Continuing the Democratic attempt to suggest President Trump is a tax cheat, the House Committee on Ways and Means has sued the Treasury Department because it has refused to release Trump’s tax returns.
The 49-page lawsuit, filed yesterday in the U.S. District Court in Washington, D.C., claims the committee needs the returns to evaluate whether the auditing policies of the Internal Revenue Service need amending by Congress.
The real reason, of course, is to publicize the president’s tax returns and suggest or claim he is illegally avoiding taxes, which will force him to defend them during the 2020 campaign.
In May, the committee subpoenaed Trump’s returns from 2013 through 2018. The committee needs them, Chairman Richard Neal said, to learn “the extent to which the I.R.S. audits and enforces the federal tax laws against a president.”
Treasury Secretary Steve Mnuchin refused, and so the committee sued. Section 6103(f) of the Internal Revenue Code, passed after the Teapot Dome Scandal, entitles the committee to see the returns, the lawsuit avers. Mnuchin, his department, the IRS, and IRS commissioner are the defendants.
In refusing to release Trump’s returns, the lawsuit alleges, the Treasury Department and other defendants “have mounted an extraordinary attack on the authority of Congress to obtain information needed to conduct oversight of Treasury, the IRS, and the tax laws on behalf of the American people who
participate in the Nation’s voluntary tax system.”
Amusing as calling the income tax “voluntary” is, the lawsuit is funnier in explaining why the committee needs the returns. The president has expressed “disdain” for and complained that the IRS’s relentless audits of his returns are unfair, and the committee wants to ensure the IRS isn’t mistreating him:
The Committee is investigating the IRS’s administration of various tax laws and policies relating to Presidential tax returns and tax law compliance by President Trump, including whether the IRS’s self-imposed policy of annually auditing the returns of sitting Presidents is working properly, even though it has not been updated in decades. Indeed, President Trump himself has repeatedly questioned the integrity of the process by which the IRS audits his tax returns, complaining that his returns are under “continuous audit” and that the IRS’s policy of annually auditing Presidential returns is “extremely unfair.” The President has also publicly theorized that the IRS audits him because of his assertedly strong Christian faith.
These complaints by President Trump underscore the appropriateness of the Committee’s review of IRS audits of Presidential returns, including those of President Trump.
As well, the lawsuit alleges, “Through the complex arrangements of his personal and business finances,” Trump “has engaged in multiple aggressive tax strategies and decades-long tax avoidance schemes, including taking a questionable $916 million deduction, participating in and using a grantor trust to control assets, manipulating tax code provisions pertaining to real estate taxes, and extensively using 'pass through' entities.”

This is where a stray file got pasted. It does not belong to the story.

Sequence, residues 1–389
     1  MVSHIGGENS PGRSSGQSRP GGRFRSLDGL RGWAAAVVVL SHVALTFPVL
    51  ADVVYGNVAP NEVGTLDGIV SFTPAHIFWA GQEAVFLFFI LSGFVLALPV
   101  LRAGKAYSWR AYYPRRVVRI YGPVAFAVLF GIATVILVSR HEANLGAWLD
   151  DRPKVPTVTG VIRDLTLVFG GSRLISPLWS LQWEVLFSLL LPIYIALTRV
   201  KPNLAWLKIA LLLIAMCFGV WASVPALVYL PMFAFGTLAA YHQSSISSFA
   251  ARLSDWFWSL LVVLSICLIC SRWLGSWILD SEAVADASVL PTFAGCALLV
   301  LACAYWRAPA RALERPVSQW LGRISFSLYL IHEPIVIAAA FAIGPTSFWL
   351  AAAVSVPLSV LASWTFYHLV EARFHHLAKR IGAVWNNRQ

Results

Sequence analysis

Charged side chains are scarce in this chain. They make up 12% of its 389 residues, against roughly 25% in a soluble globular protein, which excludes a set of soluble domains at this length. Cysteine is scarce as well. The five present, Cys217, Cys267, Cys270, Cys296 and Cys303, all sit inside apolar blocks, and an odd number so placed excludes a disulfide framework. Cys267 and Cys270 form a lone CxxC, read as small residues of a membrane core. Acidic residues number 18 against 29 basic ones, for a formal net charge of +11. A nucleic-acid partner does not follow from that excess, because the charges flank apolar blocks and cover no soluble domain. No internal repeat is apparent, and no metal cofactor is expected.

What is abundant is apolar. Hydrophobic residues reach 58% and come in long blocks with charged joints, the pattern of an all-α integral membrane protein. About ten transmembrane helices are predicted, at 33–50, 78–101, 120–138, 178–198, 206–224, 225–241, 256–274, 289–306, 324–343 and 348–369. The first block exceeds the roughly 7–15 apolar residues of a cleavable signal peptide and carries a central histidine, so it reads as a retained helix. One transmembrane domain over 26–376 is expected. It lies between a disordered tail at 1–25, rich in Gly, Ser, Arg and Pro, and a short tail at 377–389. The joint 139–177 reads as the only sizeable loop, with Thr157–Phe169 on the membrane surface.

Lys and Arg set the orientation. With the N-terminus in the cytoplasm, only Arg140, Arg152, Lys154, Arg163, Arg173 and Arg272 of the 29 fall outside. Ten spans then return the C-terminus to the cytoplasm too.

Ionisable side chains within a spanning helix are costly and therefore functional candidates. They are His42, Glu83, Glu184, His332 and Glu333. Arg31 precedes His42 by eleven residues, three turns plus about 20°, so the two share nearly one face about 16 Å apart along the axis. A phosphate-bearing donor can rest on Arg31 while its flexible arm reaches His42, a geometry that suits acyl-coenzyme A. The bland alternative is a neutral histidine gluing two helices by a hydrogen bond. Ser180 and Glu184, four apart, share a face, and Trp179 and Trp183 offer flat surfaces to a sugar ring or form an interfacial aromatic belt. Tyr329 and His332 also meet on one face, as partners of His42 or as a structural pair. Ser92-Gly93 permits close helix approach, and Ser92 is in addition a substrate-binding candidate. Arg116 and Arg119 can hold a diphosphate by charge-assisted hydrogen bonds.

“President Trump has taken pride in ‘brilliantly’ maneuvering the tax laws to his personal benefit,” the lawsuit complains.
All that said, because Trump won’t turn over his returns, “Congress and the Committee, however, have thus far been unable to evaluate the President’s claims about the IRS’s audit process or to assess if and how President Trump has been able to take inappropriate advantage of the tax laws.”
Most taxpayers likely believe the IRS has responsibility for ensuring that taxpayers don’t “take inappropriate advantage of the tax laws,” and given that the committee admits that all presidential tax returns are audited, the IRS would know if the president had done so.
The Real Reason for the Request
On June 13, the Treasury Department’s general counsel explained why the department refused to release the returns: Committee chieftain Richard Neal dissembled in explaining why the committee wants them:
The Chairman did not explain why, if the Committee were sincerely interested in understanding how the IRS audits presidential tax returns, he needed to review President Trump’s tax returns for many years before his presidency. Nor did the Chairman request any information concerning the IRS’s actual policies or practices governing presidential audits or the audit histories for any President other than President Trump.
Thus the memo continued, the committee does not have a “legitimate legislative purpose” to see the returns. The department, “quite reasonably, concluded that Chairman Neal had not articulated the real reason for his request” — to publicize the returns:
Under the circumstances, we agreed that it was reasonable to conclude that the Committee’s asserted interest in the IRS’s audit of presidential returns was pretextual, and that the true aim was to make the President’s tax returns public.
Making those returns public, again, would enable the radical Left and the Democratic candidate to embroil the president in defending his returns through the 2020 campaign.
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